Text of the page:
[Haskell-cafe] Announce: Probablistic programming in Haskell with bali-phy
Benjamin Redelings
benjamin.redelings at gmail.com
Thu Jun 15 20:46:48 UTC 2017
Hi Sergiu,
Thanks for your interest!
On 06/13/2017 12:30 PM, Sergiu Ivanov wrote:
> Probabilistic programs are written using the probability monad.
>> I've implemented a Haskell interpreter in C++ that records execution
>> traces of the Haskell programs.
> Is your probability monad an actual monad that you implemented in a
> Haskell package, or is it a consequence of the fact that you are running
> Haskell-like programs in your interpreter?
1. Its an actual monad. It allows probability distributions to be
"performed" by a Haskell function that serves as an interpreter. But I
haven't implemented it in GHC. There are actually two interpreters,
which are at the top of this file. "IOAndPass" is <<=, and "IOAnd" is
<<. Please forgive the extreme hackiness :-P
https://github.com/bredelings/BAli-Phy/blob/master/modules/Distributions.hs
The (sample) function performs a distribution d by generating an IO
action to randomly sample from the distribution. The (sample') function
performs a distribution by setting up a node in a (dynamic) graphical
model, which is also an IO action.
2. Actions in this monad can either
* sample from a distribution.
* specify that we should record samples of an expression.
* alter properties of variables sampled in a given scope.
* observe random outcomes.
For example in the code below, I specify that we should sample a
dirichlet containing n modifiable variables, but that MCMC should
perform resampling of the variables at a rate of 1/sqrt(n).
frequencies_model a = do {
let {n_letters = alphabetSize a;
letters = alphabet_letters a};
SamplingRate (1.0/sqrt(intToDouble n_letters)) $ do {
pi <- dirichlet' n_letters 1.0;
sequence_ $ zipWith (\p l -> Log l p) pi letters;
return pi
}
};
So, the monad here is mainly used to tag variables sampled in a given
scope. It might also be used to specify mcmc transition kernels for
these variables.
I'm not quite sure how to handle scopes outside monads yet, but Venture
does something like that, and it doesn't use monads.
3. The above code is "mochastic" because we perform the distribution in
a monadic interpreter in order to sample from it. But we could also do
something non-monadic like
let x=sample $ normal 0 1
y=sample $ gamma 1 1
in x*y
But Haskell itself isn't a monad. For example, x and y aren't
sequenced. Are there Haskell libraries to "run" Haskell programs in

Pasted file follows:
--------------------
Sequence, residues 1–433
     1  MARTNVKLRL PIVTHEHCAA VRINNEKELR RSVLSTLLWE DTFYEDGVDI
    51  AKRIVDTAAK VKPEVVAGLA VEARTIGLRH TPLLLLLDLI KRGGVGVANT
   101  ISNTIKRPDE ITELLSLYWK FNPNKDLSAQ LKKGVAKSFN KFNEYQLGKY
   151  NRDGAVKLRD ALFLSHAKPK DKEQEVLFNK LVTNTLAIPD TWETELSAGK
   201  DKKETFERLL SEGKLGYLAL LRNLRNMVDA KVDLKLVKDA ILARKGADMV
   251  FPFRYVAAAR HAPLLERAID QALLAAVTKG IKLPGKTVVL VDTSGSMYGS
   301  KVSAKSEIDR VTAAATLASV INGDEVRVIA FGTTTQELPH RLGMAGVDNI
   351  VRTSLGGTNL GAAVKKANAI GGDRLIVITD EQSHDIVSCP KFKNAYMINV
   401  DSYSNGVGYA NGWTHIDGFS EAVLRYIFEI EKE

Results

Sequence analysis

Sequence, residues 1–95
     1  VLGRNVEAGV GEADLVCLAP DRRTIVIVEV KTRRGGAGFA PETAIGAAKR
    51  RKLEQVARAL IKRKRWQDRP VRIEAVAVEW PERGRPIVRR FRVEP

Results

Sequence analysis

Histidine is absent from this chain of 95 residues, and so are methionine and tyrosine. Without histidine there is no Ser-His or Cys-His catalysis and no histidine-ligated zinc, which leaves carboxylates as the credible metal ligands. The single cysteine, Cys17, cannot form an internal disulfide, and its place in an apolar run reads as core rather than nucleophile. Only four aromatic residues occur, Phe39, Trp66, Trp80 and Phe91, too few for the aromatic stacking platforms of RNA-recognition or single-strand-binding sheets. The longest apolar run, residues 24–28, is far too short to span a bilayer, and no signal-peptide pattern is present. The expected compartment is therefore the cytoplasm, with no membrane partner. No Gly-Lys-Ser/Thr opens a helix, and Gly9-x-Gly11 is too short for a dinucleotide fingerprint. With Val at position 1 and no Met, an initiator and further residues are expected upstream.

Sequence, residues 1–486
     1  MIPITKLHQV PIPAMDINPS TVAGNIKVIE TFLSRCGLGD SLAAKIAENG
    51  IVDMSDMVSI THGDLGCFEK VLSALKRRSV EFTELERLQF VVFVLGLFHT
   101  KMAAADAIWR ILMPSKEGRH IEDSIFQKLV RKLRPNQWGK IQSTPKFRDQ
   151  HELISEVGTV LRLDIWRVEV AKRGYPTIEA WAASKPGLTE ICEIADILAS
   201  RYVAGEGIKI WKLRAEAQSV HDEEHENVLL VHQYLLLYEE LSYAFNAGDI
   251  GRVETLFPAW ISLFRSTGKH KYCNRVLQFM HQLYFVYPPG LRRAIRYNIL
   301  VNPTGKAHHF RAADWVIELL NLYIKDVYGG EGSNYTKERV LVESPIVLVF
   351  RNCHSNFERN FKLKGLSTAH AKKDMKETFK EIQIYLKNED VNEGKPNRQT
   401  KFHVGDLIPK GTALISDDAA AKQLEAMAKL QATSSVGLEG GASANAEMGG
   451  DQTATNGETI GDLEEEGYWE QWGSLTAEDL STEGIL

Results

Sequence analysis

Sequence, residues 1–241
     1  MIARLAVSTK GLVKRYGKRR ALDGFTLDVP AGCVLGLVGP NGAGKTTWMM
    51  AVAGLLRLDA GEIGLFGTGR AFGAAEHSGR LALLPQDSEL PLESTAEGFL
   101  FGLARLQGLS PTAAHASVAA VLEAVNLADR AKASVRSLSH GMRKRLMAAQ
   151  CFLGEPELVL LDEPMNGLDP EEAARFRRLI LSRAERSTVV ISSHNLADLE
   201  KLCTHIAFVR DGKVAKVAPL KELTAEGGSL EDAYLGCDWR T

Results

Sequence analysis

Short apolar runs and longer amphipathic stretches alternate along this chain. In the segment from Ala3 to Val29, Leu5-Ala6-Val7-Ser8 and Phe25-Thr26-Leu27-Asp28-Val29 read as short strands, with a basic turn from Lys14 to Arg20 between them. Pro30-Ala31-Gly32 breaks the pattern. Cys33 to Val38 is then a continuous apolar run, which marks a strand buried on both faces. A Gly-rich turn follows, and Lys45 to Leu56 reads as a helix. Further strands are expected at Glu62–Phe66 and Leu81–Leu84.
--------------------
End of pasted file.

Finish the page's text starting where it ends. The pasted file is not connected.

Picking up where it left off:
different interpreters?
4. The low-level C++ interpreter for haskell in bali-phy is not
monadic. Its basically a C++ implementation of something like the STG
machine, but modified to do incremental computation for generic
Haskell. I actually used Sestoft (1997) "Deriving a Lazy Abstract
Machine" instead of the STG. I guess I could have tried to do this by
modifying GHCi to track execution traces. I'm not really sure if that
would be be a good idea or not. Any thoughts?
> More generally: how deep can the interoperability between your project
> and some other Haskell code go?
Hmm.. well I guess we could implement *sampling* from the above monad in
GHC just by making the interpreter call unsafePerformIO when it sees a
probability distribution. But implementing MCMC inference would require
reimplementing incremental computation for Haskell in GHC.
> These execution traces depend on some number of (random) variables,
>> and when one of the variables is changed (during MCMC), the parts of
>> the execution trace that depend on the changed variables are
>> invalidated and recomputed. This saves work by not recomputing the
>> probability of the new state from scratch. I can provide DOT graphs
>> of the execution traces if anyone is interested.
> That sounds really cool!
>
>> The problem domain I've been focusing on is evolution of DNA sequences
>> on binary trees.
> I'm very much interested in your project because I often look into
> non-deterministic evolution of some abstract computing devices, and you
> actually seem to be focusing on a similar use case.
Hmm... I guess the idea is to represent a distribution on the possible
execution histories of non-deterministic haskell programs. So, yeah,
maybe there is some overlap.
Huh... that actually might work! Do you handle non-determinism
probabilistically? Do you want to condition on observations, or just
run the abstract machine many times and record the distribution of what
happens?
-BenRI
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